Playability and Game Design (Bill Jordan)

[ This is an article from the Play-By-Electronic-Mail Fanzine, v9701, which was published on February 22, 1997. ]

I have recently submitted 2 new free games to the PBM list. I have had many years experience with games of all types and I have played a few PBM games (and moderated one) in the 1980s. In the drive for more complexity, designers sometimes cannot see the woods for the trees. I would like to share what I felt were some drawbacks of some PBMs (which are likely to be common with some existing games) and some ideas for game design.

Sooner or later some players will not be able to submit turn orders in time. In one game, missing a turn ruined your chances and was even worse than not moving at all, as default orders caused absolute havoc. Game designs should have reasonable default orders or incur only a slight disadvantage for missing a turn.

A good game should allow players to quickly make a move (e.g. in 15 minutes or less) if they are pressed for time. It might be desirable for a game to be complex enough to allow hours of pondering for a turn, but players should have an option to play a quick turn. Ideally turn orders shouldn't exceed a fixed size (e.g. 1 sheet of paper or the electronic equivalent.)

A game should encourage player interaction. Players should not be so far apart that a player has to venture 3 or more turns in the same direction to reach another player, especially if it is a space game. In a strategy game, a player who sits back and does not get involved should not benefit while others fight it out. As well as gaining resources, one suggestion is that a player's units increase in strength with experience.

Ideally, a game could be played with or without diplomacy. Some players cannot afford long distance calls, and some players may have less time for wading through huge amounts of email, but diplomacy should be there for those who want it.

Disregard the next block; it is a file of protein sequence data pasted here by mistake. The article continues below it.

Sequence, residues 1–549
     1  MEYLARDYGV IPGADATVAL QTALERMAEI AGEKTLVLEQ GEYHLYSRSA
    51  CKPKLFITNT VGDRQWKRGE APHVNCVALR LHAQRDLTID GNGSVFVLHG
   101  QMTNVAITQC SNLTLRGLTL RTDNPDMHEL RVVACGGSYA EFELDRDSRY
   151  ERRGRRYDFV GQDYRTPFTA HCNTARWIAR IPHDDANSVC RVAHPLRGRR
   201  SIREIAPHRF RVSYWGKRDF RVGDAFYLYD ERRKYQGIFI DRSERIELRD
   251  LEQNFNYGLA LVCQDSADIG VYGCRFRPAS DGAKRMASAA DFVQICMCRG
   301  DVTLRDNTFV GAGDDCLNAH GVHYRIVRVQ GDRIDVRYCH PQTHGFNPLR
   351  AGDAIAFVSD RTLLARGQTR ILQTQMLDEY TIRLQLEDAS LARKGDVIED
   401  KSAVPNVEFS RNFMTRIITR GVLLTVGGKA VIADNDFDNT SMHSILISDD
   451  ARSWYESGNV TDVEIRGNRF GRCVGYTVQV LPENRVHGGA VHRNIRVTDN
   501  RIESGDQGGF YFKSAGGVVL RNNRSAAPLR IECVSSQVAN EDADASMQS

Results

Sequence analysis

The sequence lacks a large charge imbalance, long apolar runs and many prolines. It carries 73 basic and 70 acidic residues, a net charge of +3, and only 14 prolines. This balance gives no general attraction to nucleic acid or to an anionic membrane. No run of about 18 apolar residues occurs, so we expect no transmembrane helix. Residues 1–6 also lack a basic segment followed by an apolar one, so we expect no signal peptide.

Rules should not be a struggle to learn. Ideally, players could jump straight into the rules immediately. This is possible even if the game is complex, if all needed player information and all his possible choices are provided at each point. The game should NOT be able to be decided by knowledge of a small technical point.

It should not be essential for players to view previous turn info; players can lose turn sheets or it can be a drag searching through old turns. Games tend to grow larger as they continue, potentially becoming cumbersome. A good design can avoid sprawling turn reports and order sheets.

One example: A player might start with units representing 10 warriors each; later in the game the same player might be using units representing 1000 warriors each, so the total number of units might not increase all that much.

Tasks which may be necessary early in the game might be replaced by others later in the game. Ideally, turn orders should be roughly the same length, regardless of the player's position or point in game (unless they are doing very badly or very well.)

Games with a winner might be best with a fixed length, say a year. Open ended games should not make it too difficult for players coming in late.

It is possible for a simple game to be enjoyable. The game Diplomacy is a good example, and chess is very good. There seems to be huge numbers of space and fantasy strategy games and not a lot else. Given that there are lots of new people coming onto the net who may not have played PBM games before, I have opted for the simple approach in my 2 games.

Bill Jordan <>

(Edited by Greg Lindahl) (